14 Wonderfully Waggish Medical Words

As a copywriter, I love words. Alas, I
am too often tasked with simplifying medical terminology rather than
celebrating it’s complexity. Today, my Dictionary app sent me the
word of the day, scorbutic, an adjective for scurvy. Which led me to
wonder at the plethora (number) of multifarious (diverse) words
physicians must confabulate (discuss). These abstruse (difficult to
understand) words describe conditions both prosaic (common) and
arcane (rare and mysterious).
  • Pneumonoultramicroscopicsilicovolcanoconiosis
    – Silicosis, a lung disease caused by inhalation silica dust. Not
    surprisingly, the longest word in the English dictionary is a
    medical term
  • Hippopotomonstrosesquippedaliophobia
    – the fear of long words. Pity the poor psychiatrist who has to
    not only pronounce this, but code it for reimbursement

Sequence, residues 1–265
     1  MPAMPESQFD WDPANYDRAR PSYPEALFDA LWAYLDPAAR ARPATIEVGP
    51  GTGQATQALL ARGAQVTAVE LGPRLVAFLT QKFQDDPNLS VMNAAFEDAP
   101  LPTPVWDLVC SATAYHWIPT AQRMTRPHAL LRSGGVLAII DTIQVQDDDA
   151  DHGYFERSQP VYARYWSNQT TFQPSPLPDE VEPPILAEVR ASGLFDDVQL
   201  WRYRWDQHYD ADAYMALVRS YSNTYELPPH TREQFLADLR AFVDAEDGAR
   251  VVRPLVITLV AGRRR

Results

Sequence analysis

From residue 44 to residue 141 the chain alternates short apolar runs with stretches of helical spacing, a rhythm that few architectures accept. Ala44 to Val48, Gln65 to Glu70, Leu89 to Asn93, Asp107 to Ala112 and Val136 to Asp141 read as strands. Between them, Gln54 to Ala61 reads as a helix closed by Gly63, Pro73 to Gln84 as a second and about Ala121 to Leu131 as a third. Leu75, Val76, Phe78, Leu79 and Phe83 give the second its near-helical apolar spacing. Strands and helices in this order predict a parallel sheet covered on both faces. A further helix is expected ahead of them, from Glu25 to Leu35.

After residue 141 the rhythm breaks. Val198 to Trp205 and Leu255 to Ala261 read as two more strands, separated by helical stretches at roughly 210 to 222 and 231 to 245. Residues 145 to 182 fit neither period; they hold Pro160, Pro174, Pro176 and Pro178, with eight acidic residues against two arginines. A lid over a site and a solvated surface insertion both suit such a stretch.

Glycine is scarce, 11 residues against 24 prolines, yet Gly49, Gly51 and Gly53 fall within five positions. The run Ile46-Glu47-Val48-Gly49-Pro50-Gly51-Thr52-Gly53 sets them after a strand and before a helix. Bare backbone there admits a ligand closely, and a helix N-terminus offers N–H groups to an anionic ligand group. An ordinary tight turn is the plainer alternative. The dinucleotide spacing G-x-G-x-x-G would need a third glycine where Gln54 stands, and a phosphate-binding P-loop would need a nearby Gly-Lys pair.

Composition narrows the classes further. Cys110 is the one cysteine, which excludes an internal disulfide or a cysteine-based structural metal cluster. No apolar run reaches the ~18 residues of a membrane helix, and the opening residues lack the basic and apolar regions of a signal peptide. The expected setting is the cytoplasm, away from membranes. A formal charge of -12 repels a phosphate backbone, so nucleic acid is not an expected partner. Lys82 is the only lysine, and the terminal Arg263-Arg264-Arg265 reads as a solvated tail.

• Witzelsucht – a set of rare
    neurological symptoms characterized by the patient’s uncontrollable
    tendency to pun, tell inappropriate jokes and pointless or
    irrelevant stories at inconvenient moments. It is associated with
    small lesions of the orbitofrontal cortex.
  • Rhinotillexomania – nose picking
  • Mittelschmerz – pain that
    sometimes occurs with ovulation
  • Formication – a feeling that
    insects or other small creatures are crawling on your skin.
  • Sphenopalatine ganglioneuralgia –
    an ice-cream headache, or “brain-freeze” in the vernacular
  • Morsicatio buccarum – the bump
    that forms after you bite the inside of your cheek
  • Borborygmi – a growling stomach
  • Onychocryptosis – the Greek term
    for an ingrown toenail
  • Sternutate – to sneeze
  • Horripilation – goose bumps
  • Gustatory rhinitis – a runny
    nose caused by eating spicy food
  • Veisalgia – a hangover
› English › Medicine


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